Higherdelta Ltd was the owner of commercial properties including a restaurant in Scotland. Its company secretary, director and shareholder was also the owner of a portfolio of residential properties. The non-disclosure of prior events relating to the personal portfolio was held not to be relevant to underwriting the business policy.

The restaurant was added to its commercial policy in 2009 with Covea Insurance. The restaurant was damaged by fire in July 2013. The insurer purported to avoid the policy for: (a) nondisclosure of the fact that as a result of fires at the director’s residential properties another insurer refused to renew cover placed by the director for a period of nine months; and (b) the director incorrectly stated that he had never had insurance declined or a refusal to renew insurance due to poor claims experience.

It was common cause that the director of Higherdelta Ltd was the proprietor of a portfolio of residential properties. These were insured with a different insurer and two separate fires had resulted in claims. As a result the insurer advised the proprietor that they were not willing to renew the director’s insurance cover. The properties remained uninsured for a period of nine months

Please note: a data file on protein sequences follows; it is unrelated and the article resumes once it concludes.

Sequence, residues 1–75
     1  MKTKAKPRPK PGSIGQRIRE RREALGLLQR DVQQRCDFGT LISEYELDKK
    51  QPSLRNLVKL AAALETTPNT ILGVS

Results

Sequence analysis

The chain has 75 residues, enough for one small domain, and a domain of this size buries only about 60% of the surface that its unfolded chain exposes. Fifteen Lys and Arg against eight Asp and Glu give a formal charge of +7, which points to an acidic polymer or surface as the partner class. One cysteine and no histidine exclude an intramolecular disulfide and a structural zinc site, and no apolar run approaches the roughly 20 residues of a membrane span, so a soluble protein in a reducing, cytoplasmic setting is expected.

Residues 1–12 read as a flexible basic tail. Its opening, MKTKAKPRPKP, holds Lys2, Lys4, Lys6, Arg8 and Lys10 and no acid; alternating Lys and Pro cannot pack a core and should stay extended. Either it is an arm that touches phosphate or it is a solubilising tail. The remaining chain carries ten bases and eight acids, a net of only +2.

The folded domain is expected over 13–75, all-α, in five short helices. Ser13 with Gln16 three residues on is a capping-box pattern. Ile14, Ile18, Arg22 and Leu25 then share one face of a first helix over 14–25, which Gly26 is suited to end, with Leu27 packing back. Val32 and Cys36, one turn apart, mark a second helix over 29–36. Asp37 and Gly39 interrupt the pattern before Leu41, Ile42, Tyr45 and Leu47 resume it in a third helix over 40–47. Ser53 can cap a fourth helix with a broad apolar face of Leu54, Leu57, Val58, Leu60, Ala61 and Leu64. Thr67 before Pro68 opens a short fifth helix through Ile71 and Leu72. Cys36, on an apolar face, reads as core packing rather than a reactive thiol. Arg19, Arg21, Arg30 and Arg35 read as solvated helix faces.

The insurer of the restaurant contended that a director of a company who is the beneficial owner and controlling mind of a company proposing for insurance was required to disclose material facts in relation to his other business entities.

The court found that although the director was the sole director and controlling mind, his personal affairs could only be material in relation to the policy in issue in relation to moral hazard. His personal portfolio involved a different category of property and no reasonable insurer would have regarded the insurance position in relation to the personal residential properties as relevant to an application for insurance by the company of its restaurant.

[The case is Higherdelta Ltd vs Covea Insurance plc]